As it turned out, I missed out on something pretty special. Saturday/Saturday ran for a year or so, but the one show I attended left an indelible mark in my mind. Chin's vision of a chaotic, high-energy variety show was fully realized, with him as both the ringmaster and the eye of the storm. It was Variety with a capital "V": you had the obligatory improv and sketch acts, but also a quiz segment, at least one stand-up comedian, a musical guest, a guy that did slight-of-hand tricks, and a hypnotist. Each act was given six or seven minutes to share their wares, to ensure that the show would go as frenetically as possible. Jason's quiz segment concluded with an audience member wearing a "Sombrero of Shame," which I borrowed to him after he messaged some people on Facebook. I meant to ask when I could pick up my hat, but the opportunity never arose.

I didn't know Jason Chin on a personal level; we hardly hung out or had any lengthy one-on-one conversations. At the same time, I grew familiar with his essence. He was jovial, but his art was truth; he could be grounded and spontaneous at the same time. He was a late bloomer to improv, having not taken his first class until he was almost 30, but he more than made up for lost time. There was a reason why he spent so many years as iO's creative director and training center chief; he knew talent and understood how to both nurture and support it. Like a certain big, silly hat that now sits in a closet somewhere, Jason Chin is now lost to the ages. A peerless man with a tremendous mind, gone far too soon at age 46. To my friends on the Chicago improv scene, I mourn with you tonight, as we collectively struggle to figure out this incalculable loss.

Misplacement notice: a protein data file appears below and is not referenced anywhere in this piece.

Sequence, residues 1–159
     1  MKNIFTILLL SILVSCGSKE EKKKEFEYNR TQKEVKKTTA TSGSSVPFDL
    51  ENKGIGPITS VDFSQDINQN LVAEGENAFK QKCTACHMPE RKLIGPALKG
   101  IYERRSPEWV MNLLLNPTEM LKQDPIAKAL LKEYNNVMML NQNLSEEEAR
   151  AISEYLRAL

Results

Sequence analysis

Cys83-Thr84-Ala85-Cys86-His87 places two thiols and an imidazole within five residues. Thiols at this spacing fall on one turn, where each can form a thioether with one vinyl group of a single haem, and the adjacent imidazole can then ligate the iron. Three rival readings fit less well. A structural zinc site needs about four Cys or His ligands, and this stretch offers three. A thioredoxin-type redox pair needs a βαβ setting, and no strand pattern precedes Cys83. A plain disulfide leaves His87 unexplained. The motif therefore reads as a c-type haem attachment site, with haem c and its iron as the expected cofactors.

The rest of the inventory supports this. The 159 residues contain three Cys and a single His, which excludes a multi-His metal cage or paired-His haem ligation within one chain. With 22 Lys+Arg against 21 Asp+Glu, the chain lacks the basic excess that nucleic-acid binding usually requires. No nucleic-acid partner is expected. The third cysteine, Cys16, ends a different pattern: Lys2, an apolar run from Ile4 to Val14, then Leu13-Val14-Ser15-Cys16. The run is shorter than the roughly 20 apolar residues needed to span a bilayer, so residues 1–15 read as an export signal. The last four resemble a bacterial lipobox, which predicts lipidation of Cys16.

Friday, January 2, 2015

That Wonderful Year in TV... 2014

Well, Happy New Year everyone. After fighting a rough case of the flu last week, my 2014 TV blog was pushed into early January. For the handful of people that still read this blog, thank you for your patience. I hope this top five was worth the wait, because 2014 in TV was incessantly entertaining.

1. Broad City, Comedy Central. In a banner year for Comedy Central programming --"The Colbert Report" went out with a bang, and I've heard good stuff about "Review"-- arguably the most unique sitcom on basic cable was its funniest. Abby and Ilana live pathetic, low-stakes lives yet their tiny crises and self-delusion was plenty entertaining. Memorable Episodes: "Working Girl," "Fattest Asses," "Apartment Hunters"

2. Community, NBC. This season never should have happened. After an uneven (read: not totally awful) fourth season, showrunner Dan Harmon returned by some act of God and made his strangest creation relevant again. Aging and mortality made for a compelling recurring theme in 2014's big comeback story. Memorable Episodes: "Cooperative Polygraphy," "GI Jeff," "Basic Story"

3. Bob's Burgers, Fox. Surreal humor and family warmth are always on the menu at everyone's fledging burger joint. Even though monotone eldest daughter Tina remains the show's best weapon, all five Belchers have their own lovable set of quirks, and Season 4 was also a breakout year for sad-sack regular customer Teddy. Memorable Episodes: "Mazel Tina," "The Equestranauts," "Tina and the Real Ghost"

4. Mad Men, AMC. The ad execs and creative talents of Sterling Cooper & Partners (or whatever it's called now) entered 1969 amid much personal turmoil. At the halfway point of the show's bifurcated final season, it came down to the agency's makeshift family: Don the Dad, doting Pete and Peggy, Grandpa Bert (RIP) and wacky Uncle Roger. Memorable Episodes: "A Day's Work," "Waterloo"

5. Girls, HBO. Even though the hype (and ensuing controversy) has died down considerably, Lena Dunham and company are still putting out a quality product. The lighter-hearted third season also featured the epic "Beach House" fight that was in the gloaming almost from day one. Memorable Episodes: "Dead Inside," "Beach House," "Flo"

Honorable Mentions: Boardwalk Empire, HBO (episodes "Devil You Know" and "Eldorado") and Adventure Time, Cartoon Network (too many episodes to count).

Again, your thoughts?